Catechesis on Character — Episode 1: On Hearing

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11 thoughts on “Catechesis on Character — Episode 1: On Hearing”

  1. Thank you, Br. Bugnolo.

    Very inspiring words. I try to do my best to love our Triune God and the Blessed Virgin Mary. I try to impart my knowledge to others. I agree with your last statement to “Seek ye first the Kingdom of God and His righteousness, and all these things shall be added unto you.” – Matthew 6:33
    I am not afraid because I know that God is on my side.

  2. Dear brother,

    Thank you for your education!
    I love to hear your wisdom.
    It’s an extra package in my rugsack.
    Planning to hear your lecture more times.
    It’s like reading the bible.
    You always get something new out of it if you read it for the first time or for the hunderdst time.

    I have to stand up for the animals though.
    Animals are made by God too.
    They are righteous in their own rights.
    Comparing people with animals is always a win for the animal.

    It’s very clear to me that they are selling te vaxx so you can get more for yourselves, so it’s bribing.

    Could you pray for my wife Vera and son Robin, so they can be religious too?
    I would love that very much.

    kind regards and looking forward to your next catechesis.

    1. Animals are righteous in the sense that they follow the natural law. But they are not righteous in the sense that they have not the grace of God.

  3. Dear Br. Alexis Bugnolo,

    Thank you for your words. I hear you.

    Sincerely yours in the Passion of the Church,

    PS – In the past, others I have heard presented the same wisdom however they transposed or interchanged the terms hearing with listening. May God continue to bless the work of your hands.

    1. I understand that in English there are double senses to both words, hear and listen, but I prefer to name the perfect act with the Anglian word used as the name of the sense, since that recognizes the natural order of the faculty. Listen, as a word, comes from a Northumbrian word which also means hear, so …

    1. Thank you for this thought provoking video. Personally I think, Catholic schools who teach a disguised form of modernism , , if only by omission,,by teachers who have been secularally educated, are not much better than public Schools.. For instance, the $$$$ it costs …tuition is ,in our local Catholic schools, over 1000. per month.

      The parents I know who do not practice birth prevention all home school.

  4. Dear Br. Bugnolo,

    The pastor of the TLM where I attend sent us an email today to remind us that it is a mortal sin to intentionally miss Sunday Mass. I do not think the timing is a coincidence nor that I was the only one who has been absent.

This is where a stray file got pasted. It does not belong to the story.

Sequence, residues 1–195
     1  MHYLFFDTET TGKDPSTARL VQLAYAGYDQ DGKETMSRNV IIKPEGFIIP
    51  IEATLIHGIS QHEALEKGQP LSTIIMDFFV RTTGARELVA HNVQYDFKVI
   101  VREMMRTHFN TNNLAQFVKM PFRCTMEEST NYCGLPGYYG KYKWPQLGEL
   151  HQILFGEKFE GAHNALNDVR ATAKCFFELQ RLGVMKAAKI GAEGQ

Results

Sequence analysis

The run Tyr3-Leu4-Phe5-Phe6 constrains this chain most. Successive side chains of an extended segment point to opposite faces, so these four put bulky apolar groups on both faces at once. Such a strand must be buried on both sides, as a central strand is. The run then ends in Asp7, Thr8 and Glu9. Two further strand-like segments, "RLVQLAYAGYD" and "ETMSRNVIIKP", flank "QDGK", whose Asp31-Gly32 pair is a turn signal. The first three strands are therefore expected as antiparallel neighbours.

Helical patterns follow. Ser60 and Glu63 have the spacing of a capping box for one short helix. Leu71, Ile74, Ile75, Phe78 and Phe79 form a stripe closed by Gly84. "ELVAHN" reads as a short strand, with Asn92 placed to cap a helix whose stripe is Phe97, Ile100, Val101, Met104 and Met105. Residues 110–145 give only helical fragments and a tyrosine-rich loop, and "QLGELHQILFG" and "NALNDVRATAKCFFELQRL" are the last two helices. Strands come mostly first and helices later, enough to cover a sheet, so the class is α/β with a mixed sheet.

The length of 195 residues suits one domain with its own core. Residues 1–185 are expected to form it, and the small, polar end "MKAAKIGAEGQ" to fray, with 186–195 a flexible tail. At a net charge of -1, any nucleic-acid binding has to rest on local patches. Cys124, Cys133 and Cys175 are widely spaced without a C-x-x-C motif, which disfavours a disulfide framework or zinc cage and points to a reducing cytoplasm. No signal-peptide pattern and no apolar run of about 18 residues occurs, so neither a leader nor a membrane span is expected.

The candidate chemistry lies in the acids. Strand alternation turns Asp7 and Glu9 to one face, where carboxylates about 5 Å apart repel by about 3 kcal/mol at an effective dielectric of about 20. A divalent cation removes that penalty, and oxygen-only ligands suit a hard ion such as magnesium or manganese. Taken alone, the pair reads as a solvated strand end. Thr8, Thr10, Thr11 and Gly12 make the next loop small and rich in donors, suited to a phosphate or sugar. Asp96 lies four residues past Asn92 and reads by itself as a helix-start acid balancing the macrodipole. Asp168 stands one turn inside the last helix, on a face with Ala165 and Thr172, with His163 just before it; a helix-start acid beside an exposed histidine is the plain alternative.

I do not have children at home who are in need of baptism, but I feel for those who do and who are awake.

    St. Hermenegild, ora pro nobis.

    1. Your pastor is giving you the shorthand version. Here is the real and correct teaching of the Church:

      It is a mortal sin of disobedience to the Church, which prescribes that we sanctify Sunday by attending Mass, if when there is a mass said by a Catholic priest in communion with the pope, which is said according to the rubrics in such a way as to present no sacrilege, where communion is received in the mouth, and heresy and schism is not preached from the pulpit, where all are dressed modestly, and which is not more than 1 hour travel from your home, or along roads or paths where there is danger from inclement weather or bandits or gestapo, AND the priest names the true Pope in the Canon”

      If all these conditions are not met, then you do not commit moral sin by not going to Mass, and under many of them you merit an act of piety or prudence by NOT going.

  5. Thank you for the catechesis, Brother.

    I will also wait to hear from Archbishop Vigano who seems to be leading up to something.

    For the past two years, I have been commuting 4 hours round-trip for Sunday Mass at an FSSP parish. We had the blessing of not being shut down and there were no mask requirements due to the good Bishop Thomas Olmsted who did not demand it. The seriousness of naming Francis in the Canon did not occur to me until I came across your work… ironically on the website of Robert David Steele, May he Rest In Peace.

    Thank you, Brother, and May the Lord bless you.

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